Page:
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Women & the Revolution

by: Amneris Santiago

Women & the Revolution HIST 104H

Marketplace > Old Dominion University > History > HIST 104H > Women the Revolution
Amneris Santiago
GPA 3.2

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About this Document

This is Paper 1 for professor Emily Moore. I got a good grade on this paper and am posting it for a helping guide to those who are currently in Interpreting the american past. I hope that you will ...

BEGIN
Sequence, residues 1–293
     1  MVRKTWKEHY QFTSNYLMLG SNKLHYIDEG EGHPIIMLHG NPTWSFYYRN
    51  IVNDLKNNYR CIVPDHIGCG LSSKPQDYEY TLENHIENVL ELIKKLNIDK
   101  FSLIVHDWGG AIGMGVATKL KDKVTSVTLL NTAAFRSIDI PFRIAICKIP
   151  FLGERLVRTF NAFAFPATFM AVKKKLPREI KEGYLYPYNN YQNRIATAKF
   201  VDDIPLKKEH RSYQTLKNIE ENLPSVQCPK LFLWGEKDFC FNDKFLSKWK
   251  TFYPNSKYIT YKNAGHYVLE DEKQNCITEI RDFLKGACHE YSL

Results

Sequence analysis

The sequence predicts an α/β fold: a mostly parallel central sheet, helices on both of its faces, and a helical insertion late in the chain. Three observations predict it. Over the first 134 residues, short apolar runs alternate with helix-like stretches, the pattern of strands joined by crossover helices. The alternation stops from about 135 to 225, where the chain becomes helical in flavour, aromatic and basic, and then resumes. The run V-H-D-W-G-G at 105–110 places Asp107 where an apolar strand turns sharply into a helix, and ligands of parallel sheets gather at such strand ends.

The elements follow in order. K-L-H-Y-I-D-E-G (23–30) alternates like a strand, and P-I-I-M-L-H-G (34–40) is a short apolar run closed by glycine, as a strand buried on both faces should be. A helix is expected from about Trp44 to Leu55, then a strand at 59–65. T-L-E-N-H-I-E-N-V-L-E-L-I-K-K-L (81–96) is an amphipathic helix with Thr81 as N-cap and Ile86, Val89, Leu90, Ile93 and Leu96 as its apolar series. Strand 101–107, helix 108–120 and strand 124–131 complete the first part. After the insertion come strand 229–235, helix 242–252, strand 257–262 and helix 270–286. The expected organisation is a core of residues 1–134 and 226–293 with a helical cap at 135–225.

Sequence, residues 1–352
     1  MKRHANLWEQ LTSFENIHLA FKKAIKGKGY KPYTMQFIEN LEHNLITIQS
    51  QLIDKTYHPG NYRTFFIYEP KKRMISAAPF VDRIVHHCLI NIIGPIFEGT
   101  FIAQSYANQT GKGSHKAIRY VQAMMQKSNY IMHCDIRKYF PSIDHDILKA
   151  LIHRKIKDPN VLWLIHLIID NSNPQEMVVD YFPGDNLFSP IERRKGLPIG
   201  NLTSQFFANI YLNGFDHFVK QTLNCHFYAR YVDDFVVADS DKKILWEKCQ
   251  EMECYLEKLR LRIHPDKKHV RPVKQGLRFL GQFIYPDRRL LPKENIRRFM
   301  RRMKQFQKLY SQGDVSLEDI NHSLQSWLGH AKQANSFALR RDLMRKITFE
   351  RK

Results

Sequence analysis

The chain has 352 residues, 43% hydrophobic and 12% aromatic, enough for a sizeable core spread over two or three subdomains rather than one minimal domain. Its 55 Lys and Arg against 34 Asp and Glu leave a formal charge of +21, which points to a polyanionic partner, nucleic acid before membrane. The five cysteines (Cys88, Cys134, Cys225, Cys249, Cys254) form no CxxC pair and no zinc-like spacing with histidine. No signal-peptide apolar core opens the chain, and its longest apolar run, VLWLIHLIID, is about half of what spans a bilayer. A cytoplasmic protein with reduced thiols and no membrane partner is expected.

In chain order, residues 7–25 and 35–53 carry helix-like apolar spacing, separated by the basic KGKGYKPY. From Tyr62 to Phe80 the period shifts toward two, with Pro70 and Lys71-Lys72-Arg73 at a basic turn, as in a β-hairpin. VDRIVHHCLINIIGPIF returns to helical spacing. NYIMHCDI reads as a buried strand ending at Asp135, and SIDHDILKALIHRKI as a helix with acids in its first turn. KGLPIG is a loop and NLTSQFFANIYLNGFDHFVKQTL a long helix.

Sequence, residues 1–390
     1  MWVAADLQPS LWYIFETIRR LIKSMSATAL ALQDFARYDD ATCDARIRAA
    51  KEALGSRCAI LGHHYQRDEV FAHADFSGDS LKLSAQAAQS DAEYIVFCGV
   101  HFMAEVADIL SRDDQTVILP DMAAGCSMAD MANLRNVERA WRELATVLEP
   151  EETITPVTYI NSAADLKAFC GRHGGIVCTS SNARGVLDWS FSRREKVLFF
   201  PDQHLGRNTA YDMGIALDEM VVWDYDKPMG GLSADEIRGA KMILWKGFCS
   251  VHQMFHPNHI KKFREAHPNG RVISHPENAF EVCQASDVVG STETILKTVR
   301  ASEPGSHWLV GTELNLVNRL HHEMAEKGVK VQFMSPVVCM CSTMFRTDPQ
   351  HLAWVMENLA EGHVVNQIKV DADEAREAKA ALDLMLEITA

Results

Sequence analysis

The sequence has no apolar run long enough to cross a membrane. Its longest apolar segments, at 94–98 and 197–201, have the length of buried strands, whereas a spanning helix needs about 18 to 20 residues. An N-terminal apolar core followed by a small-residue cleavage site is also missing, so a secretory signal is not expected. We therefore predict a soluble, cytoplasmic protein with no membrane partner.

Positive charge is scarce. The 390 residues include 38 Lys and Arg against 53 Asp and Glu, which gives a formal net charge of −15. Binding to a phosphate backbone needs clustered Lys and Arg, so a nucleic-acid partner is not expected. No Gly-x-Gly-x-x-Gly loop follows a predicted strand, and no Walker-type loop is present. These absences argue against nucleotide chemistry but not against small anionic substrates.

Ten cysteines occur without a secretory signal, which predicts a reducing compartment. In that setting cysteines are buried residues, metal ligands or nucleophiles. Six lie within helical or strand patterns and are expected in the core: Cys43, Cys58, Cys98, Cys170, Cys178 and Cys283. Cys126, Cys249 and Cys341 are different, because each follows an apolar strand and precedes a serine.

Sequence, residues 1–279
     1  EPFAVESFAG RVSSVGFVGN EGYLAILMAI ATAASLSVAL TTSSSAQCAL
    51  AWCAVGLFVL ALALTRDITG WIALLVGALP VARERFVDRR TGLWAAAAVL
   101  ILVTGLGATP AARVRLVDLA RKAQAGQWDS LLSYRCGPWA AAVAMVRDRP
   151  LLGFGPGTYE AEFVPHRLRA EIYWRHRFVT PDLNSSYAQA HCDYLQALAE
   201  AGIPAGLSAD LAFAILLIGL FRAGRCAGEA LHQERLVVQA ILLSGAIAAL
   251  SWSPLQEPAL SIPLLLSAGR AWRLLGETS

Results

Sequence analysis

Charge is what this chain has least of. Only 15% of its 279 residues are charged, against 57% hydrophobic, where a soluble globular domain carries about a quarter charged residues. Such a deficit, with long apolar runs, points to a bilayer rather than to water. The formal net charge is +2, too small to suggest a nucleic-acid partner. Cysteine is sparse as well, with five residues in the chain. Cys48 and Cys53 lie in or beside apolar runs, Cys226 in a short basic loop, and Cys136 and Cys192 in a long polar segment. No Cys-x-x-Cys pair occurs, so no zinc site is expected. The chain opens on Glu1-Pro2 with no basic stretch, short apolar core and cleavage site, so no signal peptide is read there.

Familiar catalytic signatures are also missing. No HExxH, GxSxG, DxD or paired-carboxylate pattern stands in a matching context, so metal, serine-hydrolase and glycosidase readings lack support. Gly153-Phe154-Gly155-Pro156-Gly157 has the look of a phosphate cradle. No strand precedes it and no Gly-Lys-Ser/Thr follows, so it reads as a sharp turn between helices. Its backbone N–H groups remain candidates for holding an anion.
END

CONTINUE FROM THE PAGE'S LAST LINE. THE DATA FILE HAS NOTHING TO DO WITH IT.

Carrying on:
Study Guide
history, Women, Revol, revolution, Revolutionary, Interpreting, The, american, America, past, USA, females
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This 4 page Study Guide was uploaded by Amneris Santiago on Thursday February 4, 2016. The Study Guide belongs to HIST 104H at Old Dominion University taught by EMILY R MOORE in Fall 2015. Since its upload, it has received 29 views. For similar materials see INTERPRETING THE AMERICAN PAST in History at Old Dominion University.


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Date Created: 02/04/16
American Revolution Effect on Women Amneris Santiago Emily Moore Interpreting theAmerican Past 5:45-7:00pm September 21st, 2015